people who we want to receive the distribution of our app. So now that we’re ready,
we’ll go to the command line and run a command. We’re going to first assemble
the debug version of our app and then run App
Distribution, Upload Debug. So what it’s doing is, it
will upload the debug version of my app to Firebase
App Distribution and then make sure
my release notes and testers are also included. I also want to point
out that it doesn’t have to be the debug command. App Distribution is
variant specific. We want to give
you the flexibility to upload a Firebase
App Distribution and have different
parameters for different build types and product flavors. So it looks like it
uploaded successfully so let’s go to the console
and check it out! So if we refresh
the page, we should see a new distribution for 1.2. And we do. We verify that it
has the release notes and the right testers. And then, if I’m a tester
and I refresh my inbox, I should get an email. But in the meantime, let’s
look at a previous release. I would get an email
looking like this and I’d be able to open
it on my mobile phone and start testing the app. And here the email just came in. Can we go back to the slides? Awesome. So we successfully
distributed our Android app. But I want to point out that
we can distribute iOS apps too, using the CLI tools. Using App Distribution you can
address feedback before launch and ultimately be more
confident that your app will work in the wild. Also, as you may have seen
earlier in the keynote today, App Distribution is
now in public beta. So go to the console
to get started. ROB DIMARCO: Now that
we’ve tested our app, let’s move on to
validating its security. Think back to that example
at the beginning this talk. That’s terrifying, right? If your app goes
live, it’s growing, it’s met with initial success. But that growth and
that success also invites additional scrutiny. We all want to get
application security right. But this task can seem daunting. For the next few
minutes, we’re going to give a brief overview of
the application level security model in Firebase
and then show you how to use Firebase tools
to validate the security of your app before going live. For many of these
might be a refresher. But let’s start with how
to think about security for apps built on Firebase. Usually when you build an app,
your mobile or web clients connect directly to
services that you control. And then those services
perform authorization and authentication checks before
they change or mutate data. But when you build
an app with Firebase, we abstract much of that
infrastructure away. So you don’t need
it think in terms, or keep up with, OS level
or network level security. With Firebase, we ask only
that you think in terms of application level security. But we still need to ensure
that only authorized services, clients, and users, are
able to read or write the correct bits of data. So how do we secure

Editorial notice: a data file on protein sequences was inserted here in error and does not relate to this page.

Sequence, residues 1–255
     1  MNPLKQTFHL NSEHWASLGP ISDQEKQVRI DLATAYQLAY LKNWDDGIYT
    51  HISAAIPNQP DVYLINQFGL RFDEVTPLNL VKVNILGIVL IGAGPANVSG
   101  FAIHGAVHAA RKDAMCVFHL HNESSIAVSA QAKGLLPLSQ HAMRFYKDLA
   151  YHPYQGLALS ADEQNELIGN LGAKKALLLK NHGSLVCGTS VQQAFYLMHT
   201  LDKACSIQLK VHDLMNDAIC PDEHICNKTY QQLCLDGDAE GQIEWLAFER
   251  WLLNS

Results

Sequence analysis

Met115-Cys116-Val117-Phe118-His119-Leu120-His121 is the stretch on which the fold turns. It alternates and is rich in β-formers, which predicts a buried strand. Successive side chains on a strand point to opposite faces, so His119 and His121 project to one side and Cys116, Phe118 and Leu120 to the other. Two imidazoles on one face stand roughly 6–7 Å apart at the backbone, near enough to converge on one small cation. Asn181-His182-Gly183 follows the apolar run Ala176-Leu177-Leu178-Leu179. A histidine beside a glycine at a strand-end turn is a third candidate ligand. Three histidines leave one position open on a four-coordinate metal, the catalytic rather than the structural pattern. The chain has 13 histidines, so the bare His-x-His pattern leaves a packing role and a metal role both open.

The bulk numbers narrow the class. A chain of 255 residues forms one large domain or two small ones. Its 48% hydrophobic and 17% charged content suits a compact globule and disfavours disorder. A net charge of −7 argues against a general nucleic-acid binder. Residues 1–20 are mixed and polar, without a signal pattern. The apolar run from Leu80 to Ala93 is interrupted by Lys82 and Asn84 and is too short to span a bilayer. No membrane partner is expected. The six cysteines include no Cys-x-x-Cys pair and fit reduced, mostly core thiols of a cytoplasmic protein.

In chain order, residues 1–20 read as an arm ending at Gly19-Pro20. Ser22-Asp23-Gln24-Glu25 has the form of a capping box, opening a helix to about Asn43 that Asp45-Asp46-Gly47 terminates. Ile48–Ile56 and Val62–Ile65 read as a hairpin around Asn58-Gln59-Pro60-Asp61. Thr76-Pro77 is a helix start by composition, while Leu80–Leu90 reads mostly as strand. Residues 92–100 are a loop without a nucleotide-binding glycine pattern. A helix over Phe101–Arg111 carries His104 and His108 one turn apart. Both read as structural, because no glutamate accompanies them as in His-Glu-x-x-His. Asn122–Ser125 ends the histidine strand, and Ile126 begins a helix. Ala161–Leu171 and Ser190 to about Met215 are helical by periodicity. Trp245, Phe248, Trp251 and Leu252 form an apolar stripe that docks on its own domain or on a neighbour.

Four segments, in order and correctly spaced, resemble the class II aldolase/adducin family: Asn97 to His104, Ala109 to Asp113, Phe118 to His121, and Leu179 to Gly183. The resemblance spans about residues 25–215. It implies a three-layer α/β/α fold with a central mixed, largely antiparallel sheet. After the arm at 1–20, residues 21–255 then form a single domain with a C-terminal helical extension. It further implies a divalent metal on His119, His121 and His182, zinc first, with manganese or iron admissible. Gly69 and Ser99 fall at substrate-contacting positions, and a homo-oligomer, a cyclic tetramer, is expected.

those requests from untrusted client devices? The answer is with
security rules. Security rules are the tool
used to define whether or not authorization should be granted
for requests to your database. We’re going to walk
through the tools that Firebase offers to
help you learn, write, and test security rules. REBECCA HE: First, let’s
see an example of how security rules can be helpful. Let’s say I’m working on my
new game called Goldmine. In the game, users
collect gold as they go through each game play. They also have the ability
to compete against each other and place in a
global scoreboard. Each of these data types– the users, the game
play, the leaderboard– has a different security need. Let’s dig deeper into the
security need of users. So we want user records to
be publicly readable but user editable. This means that only the
user themself should be able to edit their own profile. Makes sense. So how can we enforce
this using security rules? Well, writing rules
can be complicated, especially if we’ve
never done them before. This is where the Security
Rules Simulator comes in. The simulator is an in browser
playground that lets you safely experiment with security rules. You can simulate
reads and writes without actually needing
to modify your database or having to set up a
development environment. Let’s go to the console and
see a demo of how this works. So here we’ve started writing
security rules for our app. The first thing we need to do
is match a specific document. In this case, we’re
matching the user document. And then inside
this block, we can write rules to match read
and write operations. Let’s think about reads first. We want user profiles
to be publicly readable. Anyone should be able
to read it regardless of if they’re logged in. So we’re going to write a rule
that’s allow read if true– pretty straightforward. Now let’s move on to writes. So for writes,
remember we only want the user themself, the
user who is logged in, to be able to edit that profile. So let’s try taking
a stab at it. All right, given my limited
security rules knowledge I think this is right. But how do I validate it? Let’s go to the simulator. So here in the simulator I’m
logged in as myself, Rebecca. And I’m trying to
update Rob’s profile. This shouldn’t be allowed. So I’m going to click